Estate Planning and Sibling Rivalry

by David A. Kubikian

There is a perception that estate litigation occurs only where there are multi-million dollar estates, 2nd or 3rd spouses, children from prior marriages, or opportunistic care givers.  While, yes, there are many estate litigation cases that result from lots of money, lots of wives and lots of last minute estate plan changes, estate litigations need only an emotional spark and a perceived slight by one of the beneficiaries to cause a litigation to quickly engulf an estate administration.

As in almost any other part of life, communication about your estate plan is the key to avoiding estate litigation.  Some clients want to treat their children the same and divide their estate equally.  Others wish to give more to their needy children and less to the ones who are in a better financial place, or wish to take into account gifts or loans they made to one child during life by equalizing bequests at death.  There is no wrong answer for what a client wants to do with their assets.  However, all things being equal, if a beneficiary feels slighted because his sibling receives a larger share of the estate, and you are no longer around to provide an explanation, the stage is set for a dicey estate administration.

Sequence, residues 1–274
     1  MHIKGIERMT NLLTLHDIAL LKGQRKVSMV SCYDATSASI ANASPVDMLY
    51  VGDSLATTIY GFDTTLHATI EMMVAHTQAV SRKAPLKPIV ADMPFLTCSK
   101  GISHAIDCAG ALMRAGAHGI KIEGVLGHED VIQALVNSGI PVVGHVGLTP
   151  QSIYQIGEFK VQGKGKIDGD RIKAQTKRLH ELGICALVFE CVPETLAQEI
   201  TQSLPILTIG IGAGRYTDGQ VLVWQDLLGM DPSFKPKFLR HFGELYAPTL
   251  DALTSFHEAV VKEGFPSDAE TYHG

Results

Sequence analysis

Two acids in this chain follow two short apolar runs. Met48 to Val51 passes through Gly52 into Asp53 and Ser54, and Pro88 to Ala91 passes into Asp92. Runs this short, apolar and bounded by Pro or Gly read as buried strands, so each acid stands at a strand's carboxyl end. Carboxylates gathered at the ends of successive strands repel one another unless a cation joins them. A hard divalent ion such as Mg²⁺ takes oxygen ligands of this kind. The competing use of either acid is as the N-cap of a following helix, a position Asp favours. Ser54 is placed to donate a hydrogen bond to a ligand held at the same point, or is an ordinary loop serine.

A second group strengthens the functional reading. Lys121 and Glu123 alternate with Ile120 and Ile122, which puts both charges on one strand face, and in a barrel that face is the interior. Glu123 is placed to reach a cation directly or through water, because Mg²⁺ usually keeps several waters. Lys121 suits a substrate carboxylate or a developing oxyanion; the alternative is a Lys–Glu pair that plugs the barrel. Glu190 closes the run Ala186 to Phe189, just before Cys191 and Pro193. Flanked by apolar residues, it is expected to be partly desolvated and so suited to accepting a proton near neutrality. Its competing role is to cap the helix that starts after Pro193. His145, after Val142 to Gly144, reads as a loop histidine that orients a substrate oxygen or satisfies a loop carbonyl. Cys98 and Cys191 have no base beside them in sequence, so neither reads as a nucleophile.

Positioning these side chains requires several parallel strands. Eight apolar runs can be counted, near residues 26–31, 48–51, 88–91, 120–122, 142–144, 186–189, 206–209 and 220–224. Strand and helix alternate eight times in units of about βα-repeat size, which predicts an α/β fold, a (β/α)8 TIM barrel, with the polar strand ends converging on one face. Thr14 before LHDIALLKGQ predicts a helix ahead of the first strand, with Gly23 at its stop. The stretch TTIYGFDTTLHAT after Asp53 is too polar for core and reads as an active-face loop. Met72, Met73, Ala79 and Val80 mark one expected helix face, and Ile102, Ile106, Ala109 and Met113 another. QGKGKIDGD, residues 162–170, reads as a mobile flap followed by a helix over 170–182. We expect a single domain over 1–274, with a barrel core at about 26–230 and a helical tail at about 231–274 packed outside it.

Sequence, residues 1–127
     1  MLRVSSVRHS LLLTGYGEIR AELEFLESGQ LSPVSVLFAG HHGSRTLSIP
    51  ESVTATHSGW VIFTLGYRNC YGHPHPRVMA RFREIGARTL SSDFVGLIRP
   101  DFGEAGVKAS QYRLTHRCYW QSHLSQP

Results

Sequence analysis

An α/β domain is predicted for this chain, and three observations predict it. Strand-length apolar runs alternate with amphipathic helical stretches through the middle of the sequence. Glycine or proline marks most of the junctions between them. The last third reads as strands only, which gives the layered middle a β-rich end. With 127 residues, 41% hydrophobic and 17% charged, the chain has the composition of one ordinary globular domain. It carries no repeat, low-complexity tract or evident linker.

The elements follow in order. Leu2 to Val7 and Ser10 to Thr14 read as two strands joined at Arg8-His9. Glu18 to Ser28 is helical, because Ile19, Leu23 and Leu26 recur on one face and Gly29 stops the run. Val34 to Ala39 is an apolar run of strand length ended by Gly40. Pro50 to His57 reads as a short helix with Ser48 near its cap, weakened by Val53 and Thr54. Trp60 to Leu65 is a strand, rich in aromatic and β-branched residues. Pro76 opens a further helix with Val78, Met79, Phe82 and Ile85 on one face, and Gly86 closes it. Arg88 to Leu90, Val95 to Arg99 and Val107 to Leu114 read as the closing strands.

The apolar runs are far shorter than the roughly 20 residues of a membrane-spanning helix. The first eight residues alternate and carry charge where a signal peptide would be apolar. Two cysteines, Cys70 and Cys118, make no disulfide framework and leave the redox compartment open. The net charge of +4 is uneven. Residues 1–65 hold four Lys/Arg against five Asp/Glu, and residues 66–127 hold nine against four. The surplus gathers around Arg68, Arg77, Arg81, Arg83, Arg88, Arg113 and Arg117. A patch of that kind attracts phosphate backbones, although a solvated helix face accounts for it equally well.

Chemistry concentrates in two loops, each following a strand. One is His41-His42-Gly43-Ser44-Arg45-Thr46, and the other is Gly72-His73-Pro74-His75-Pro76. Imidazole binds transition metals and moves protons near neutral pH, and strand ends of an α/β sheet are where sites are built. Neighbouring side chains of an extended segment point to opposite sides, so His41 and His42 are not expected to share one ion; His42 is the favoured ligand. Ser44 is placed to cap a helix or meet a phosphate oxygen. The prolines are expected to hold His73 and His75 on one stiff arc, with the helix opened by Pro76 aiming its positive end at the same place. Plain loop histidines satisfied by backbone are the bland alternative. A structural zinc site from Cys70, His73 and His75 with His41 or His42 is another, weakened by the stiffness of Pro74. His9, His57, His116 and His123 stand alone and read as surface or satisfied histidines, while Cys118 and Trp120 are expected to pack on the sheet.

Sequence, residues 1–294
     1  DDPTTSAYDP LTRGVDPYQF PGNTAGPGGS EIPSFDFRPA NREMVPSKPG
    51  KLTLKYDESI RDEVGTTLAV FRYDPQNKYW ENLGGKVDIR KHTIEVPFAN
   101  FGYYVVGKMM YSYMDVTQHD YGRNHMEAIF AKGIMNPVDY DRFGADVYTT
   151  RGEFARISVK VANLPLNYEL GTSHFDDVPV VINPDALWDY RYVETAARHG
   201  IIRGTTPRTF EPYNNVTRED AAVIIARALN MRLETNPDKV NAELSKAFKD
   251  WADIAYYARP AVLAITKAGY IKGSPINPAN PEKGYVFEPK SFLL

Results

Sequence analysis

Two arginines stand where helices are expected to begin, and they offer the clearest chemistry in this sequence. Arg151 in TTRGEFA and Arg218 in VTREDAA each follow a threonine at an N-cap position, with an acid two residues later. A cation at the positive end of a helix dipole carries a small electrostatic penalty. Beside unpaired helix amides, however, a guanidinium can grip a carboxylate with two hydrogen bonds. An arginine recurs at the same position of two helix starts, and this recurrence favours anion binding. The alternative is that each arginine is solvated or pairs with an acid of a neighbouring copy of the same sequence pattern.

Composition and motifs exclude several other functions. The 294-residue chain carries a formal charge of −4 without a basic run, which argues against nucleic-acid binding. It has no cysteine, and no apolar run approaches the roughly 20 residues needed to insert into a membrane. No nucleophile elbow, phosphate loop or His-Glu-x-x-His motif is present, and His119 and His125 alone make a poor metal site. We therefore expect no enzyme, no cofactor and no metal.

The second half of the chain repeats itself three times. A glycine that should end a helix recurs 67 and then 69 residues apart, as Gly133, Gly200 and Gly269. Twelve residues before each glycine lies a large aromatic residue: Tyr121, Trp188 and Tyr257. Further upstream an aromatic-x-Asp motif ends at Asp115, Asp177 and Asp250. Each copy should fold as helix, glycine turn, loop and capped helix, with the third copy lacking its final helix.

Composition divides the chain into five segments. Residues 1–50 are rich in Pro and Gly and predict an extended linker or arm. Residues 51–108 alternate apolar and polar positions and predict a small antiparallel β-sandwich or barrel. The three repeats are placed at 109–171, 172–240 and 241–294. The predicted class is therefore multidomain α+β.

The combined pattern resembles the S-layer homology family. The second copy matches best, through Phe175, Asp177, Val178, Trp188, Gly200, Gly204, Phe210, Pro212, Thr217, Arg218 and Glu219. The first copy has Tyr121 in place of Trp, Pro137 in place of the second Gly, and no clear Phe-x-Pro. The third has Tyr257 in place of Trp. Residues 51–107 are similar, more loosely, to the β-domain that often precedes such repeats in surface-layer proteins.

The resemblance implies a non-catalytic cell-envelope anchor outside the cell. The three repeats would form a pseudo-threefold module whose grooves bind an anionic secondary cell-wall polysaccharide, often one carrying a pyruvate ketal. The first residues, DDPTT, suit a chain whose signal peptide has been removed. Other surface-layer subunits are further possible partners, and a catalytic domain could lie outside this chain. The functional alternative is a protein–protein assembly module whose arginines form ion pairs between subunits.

Many clients do not wish to tell their kids about their estate plans, in particular where there may be an unequal distribution of assets.  They may want to avoid conflict however by remaining silent. As a result, this will likely increase the chance of litigation.

On the opposite side of the spectrum, clients also try to mend their children’s broken relationships via their estate plan by doing things such as naming all of their children co-executors.  Surely children who do not get along with one another during your life will mend fences while sorting out your personal property and deciding who gets Dad’s Rolex (or Swatch Watch) or Mom’s Diamond Tennis Bracelet (or Alex & Ani Bracelet). Siblings who never worked together, by choice, are stuck with one another doing a lot of emotional heavy lifting.  Consider naming someone other than your children as executor as another way to try to avoid conflict.

Take the time to speak to your kids about your estate plan and your rationale behind your decisions.  At a minimum, you should communicate your wishes and rationale to your estate planning attorney.  Communication is the best way to avoid lengthy and expensive estate litigation.

The Wall Street Journal recently had an article on the same issue.

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